The two-year controversy over the potential sale and development of the back 40 acres of the Oak Bridge Club at Sawgrass’ golf course may finally reach a conclusion Tuesday, May 15, when the St. Johns County Board of County Commissioners (BCC) is scheduled to vote regarding its approval.
Originally scheduled for the BCC’s Jan. 16 meeting, the final vote on the proposal was postponed by the board with a request for further information.
“There’s no plan here,” Commissioner Jay Morris contended at the meeting. “I know what you want to do, or what you’re talking about doing, but I have no idea where it’s going to go. Where are you going to locate it? Whose backyard is it going to be in?”
As a result, Alta Mar Holdings LLC, which owns the Oak Bridge Club, was forced to revise its application.
“Specifically, what they asked us for is more specificity,” Alta Mar’s David Miller said. “What we didn’t have the first time was the location of buildings, the specific height the buildings were going to be, so that was really the biggest thing that the commissioners asked for. The second thing they asked for was a reduction in the number of variances we were requesting. We removed the parking variance that we were requesting, and we also removed the phasing variance we requested.”
According to Miller, the development of the land in question would not only improve the marketability of Oak Bridge’s golf course — which he contends to be in desperate need of repair — but it would also result in an increase in property values for those who reside in the Sawgrass Players Club community, which encompasses the course.
“People’s homes are often their largest stow of their personal wealth,” he said. “If your largest stow of personal wealth depreciated by 20 percent, because a golf course went foul in your backyard through the inaction of the BCC … Well, that’s why people are really motivated and mobilizing this time.”
The controversy over the development, however, has more to do with those living outside of the Players Club than those inside it. Residents of the neighboring Hidden Oaks subdivision, which abuts the portion of the course Alta Mar wishes to sell, have expressed concerns regarding traffic impacts and a potential decrease in their property values.
“We’ve always felt that the development was very intense — 330 (residential) units and 15,000 square feet of commercial,” said Frank Levene, an outspoken leader among Alta Mar’s opposition. “If the argument being made by the owner of the golf course is that they need to sell off that 40 acres to sustain the balance of the 12 holes, I don’t think it would require 330 units. You don’t need that level of money to sustain the golf course. It’s profit maximizing and development opportunity, really.”
Seeking an alternative solution, Levene and other detractors of the planned development had previously proposed turning the land in question into a public park instead, but due to a lack of funding and support for the idea, the group has since formed the Foundation for the Future of Ponte Vedra and refocused their mission.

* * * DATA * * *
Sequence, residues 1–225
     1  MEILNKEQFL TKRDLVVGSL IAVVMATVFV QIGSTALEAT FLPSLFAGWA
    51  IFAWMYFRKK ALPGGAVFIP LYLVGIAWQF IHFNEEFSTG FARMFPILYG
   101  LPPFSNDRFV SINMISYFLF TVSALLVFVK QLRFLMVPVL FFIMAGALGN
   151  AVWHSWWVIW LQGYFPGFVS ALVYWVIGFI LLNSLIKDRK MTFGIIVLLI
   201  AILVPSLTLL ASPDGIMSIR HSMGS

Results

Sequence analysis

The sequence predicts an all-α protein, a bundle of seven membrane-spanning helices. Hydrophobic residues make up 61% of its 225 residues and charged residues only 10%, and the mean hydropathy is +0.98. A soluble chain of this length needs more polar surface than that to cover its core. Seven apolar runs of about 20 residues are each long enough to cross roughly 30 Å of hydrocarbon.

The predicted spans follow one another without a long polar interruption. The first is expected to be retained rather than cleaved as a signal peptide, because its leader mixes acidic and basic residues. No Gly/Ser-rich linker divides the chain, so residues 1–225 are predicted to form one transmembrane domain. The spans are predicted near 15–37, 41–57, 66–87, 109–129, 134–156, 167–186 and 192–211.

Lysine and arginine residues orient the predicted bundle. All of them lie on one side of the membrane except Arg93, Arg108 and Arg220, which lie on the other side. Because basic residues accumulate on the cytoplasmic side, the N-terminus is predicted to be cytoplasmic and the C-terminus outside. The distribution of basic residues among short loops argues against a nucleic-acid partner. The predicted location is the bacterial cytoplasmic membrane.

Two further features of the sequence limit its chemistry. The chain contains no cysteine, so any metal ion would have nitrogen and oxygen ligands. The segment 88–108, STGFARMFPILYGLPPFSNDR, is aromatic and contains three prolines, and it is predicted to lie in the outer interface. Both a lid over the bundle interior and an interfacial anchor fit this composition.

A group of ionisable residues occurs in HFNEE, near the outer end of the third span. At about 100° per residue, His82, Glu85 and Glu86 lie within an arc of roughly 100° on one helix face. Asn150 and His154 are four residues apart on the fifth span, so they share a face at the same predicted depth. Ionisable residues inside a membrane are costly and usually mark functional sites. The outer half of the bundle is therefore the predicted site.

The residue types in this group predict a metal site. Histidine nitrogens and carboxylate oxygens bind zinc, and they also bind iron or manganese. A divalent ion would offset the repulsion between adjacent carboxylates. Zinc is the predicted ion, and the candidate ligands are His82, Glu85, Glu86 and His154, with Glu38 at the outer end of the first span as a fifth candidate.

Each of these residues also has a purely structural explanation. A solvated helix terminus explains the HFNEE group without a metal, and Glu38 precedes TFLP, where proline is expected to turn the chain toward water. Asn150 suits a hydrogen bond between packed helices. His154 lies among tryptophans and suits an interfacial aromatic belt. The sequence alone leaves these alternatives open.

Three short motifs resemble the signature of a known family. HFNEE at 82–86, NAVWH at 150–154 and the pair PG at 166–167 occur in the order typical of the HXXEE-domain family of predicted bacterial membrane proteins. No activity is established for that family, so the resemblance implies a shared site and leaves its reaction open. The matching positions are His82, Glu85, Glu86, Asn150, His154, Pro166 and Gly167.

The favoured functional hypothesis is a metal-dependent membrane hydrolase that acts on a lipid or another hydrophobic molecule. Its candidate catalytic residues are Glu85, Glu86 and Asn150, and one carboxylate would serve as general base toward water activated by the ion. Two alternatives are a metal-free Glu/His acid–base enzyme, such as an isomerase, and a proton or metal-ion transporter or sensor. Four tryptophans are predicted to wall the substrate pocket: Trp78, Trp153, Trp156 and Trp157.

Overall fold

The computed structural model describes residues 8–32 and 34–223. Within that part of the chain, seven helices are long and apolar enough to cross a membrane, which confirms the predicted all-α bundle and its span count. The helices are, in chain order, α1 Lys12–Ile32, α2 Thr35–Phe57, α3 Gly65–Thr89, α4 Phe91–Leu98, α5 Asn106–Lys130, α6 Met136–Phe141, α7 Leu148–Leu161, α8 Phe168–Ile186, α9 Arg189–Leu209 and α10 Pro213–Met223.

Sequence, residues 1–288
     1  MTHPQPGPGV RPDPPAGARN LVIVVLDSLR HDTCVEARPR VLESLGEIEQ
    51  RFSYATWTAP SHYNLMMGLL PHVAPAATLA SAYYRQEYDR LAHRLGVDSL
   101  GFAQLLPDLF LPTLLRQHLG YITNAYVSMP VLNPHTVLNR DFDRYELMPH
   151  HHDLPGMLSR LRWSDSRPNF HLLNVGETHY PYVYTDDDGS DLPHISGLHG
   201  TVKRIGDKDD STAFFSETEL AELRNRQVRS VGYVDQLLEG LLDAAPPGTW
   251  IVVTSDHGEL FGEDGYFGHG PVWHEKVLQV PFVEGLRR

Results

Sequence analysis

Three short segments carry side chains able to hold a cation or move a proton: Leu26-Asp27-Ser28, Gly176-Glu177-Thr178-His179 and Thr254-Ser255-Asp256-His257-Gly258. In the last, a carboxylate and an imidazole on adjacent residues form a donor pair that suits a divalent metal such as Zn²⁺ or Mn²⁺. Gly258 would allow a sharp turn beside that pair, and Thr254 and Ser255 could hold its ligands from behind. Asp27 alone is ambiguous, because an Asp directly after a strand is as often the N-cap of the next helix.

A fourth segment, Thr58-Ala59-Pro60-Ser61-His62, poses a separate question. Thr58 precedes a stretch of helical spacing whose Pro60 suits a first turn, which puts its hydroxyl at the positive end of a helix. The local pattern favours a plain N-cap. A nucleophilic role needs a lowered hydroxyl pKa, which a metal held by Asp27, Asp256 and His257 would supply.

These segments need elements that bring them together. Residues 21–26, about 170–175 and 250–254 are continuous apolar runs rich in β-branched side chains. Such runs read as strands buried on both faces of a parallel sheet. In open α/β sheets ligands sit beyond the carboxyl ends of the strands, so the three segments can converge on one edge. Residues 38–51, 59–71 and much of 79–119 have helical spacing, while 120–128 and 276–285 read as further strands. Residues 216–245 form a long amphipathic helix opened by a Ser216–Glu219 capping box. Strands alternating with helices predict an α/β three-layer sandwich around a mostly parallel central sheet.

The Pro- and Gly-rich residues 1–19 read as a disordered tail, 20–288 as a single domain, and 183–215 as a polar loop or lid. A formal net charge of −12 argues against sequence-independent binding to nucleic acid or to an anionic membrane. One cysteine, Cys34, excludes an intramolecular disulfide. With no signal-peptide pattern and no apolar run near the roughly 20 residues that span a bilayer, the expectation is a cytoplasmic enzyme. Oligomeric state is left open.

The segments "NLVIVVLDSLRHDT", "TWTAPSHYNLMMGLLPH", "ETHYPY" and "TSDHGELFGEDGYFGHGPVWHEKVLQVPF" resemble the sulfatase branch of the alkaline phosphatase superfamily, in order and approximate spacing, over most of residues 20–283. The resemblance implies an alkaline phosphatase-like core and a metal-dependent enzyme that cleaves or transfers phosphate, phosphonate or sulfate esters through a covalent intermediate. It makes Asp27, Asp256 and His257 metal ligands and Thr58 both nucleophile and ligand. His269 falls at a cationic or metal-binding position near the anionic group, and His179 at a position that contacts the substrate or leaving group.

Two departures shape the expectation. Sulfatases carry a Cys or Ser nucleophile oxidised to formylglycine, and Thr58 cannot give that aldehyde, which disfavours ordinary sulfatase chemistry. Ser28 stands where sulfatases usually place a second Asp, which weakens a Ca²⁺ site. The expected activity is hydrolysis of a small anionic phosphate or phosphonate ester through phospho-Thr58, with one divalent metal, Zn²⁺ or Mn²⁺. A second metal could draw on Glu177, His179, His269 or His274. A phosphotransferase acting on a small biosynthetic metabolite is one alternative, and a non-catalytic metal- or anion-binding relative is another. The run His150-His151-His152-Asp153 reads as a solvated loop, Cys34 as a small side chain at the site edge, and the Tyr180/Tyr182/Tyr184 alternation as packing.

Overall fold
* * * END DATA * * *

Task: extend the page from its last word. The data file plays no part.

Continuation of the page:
“The park is still an aspiration, but there’s no point in talking about solutions if you haven’t got resolution around the issues being created by the proposed development,” Levene said. “Our goal is to ensure that all of the questions are being asked. We thought we’d focus on the open issues that are caused from the development being put forward, like the absence of a traffic study. We were also very disappointed by the (maximum building) height — 58 feet is very concerning for a lot of us living close by.”
Miller, who turned down the group’s offer of $6 million to purchase the land, said he wasn’t surprised by the lack of enthusiasm within the Sawgrass Players Club for the addition of a public park.
“Right now, they’re a gate-guarded community,” he said. “You have to give your name and they capture your license plate when you come through the gate. They’re not at all keen on the idea of having the public ingress into their community.”
As for traffic concerns, Miller said he thought it unlikely that the addition of a 55-plus, age-restricted community would add more traffic to A1A than a public park.
“The frontrunner to buy the property is Vicar’s Landing, as everybody knows, and they’ve done their own internal traffic analysis of their residents,” he said. “It’s just absolutely negligible, the impact that such a community has on the broader traffic issues of A1A.”
With the BCC’s final vote fast approaching, supporters on both sides of the issue are now rallying to make their voices heard while they still can. But while they may disagree on the specifics of how, both those for and against the development seem able to agree on one thing: The stakes are high.
The BCC hearing will take place in the St. Johns County Auditorium located at 500 San Sebastian View in St. Augustine. The Oak Bridge item will go before the County Commission no sooner than 2 p.m.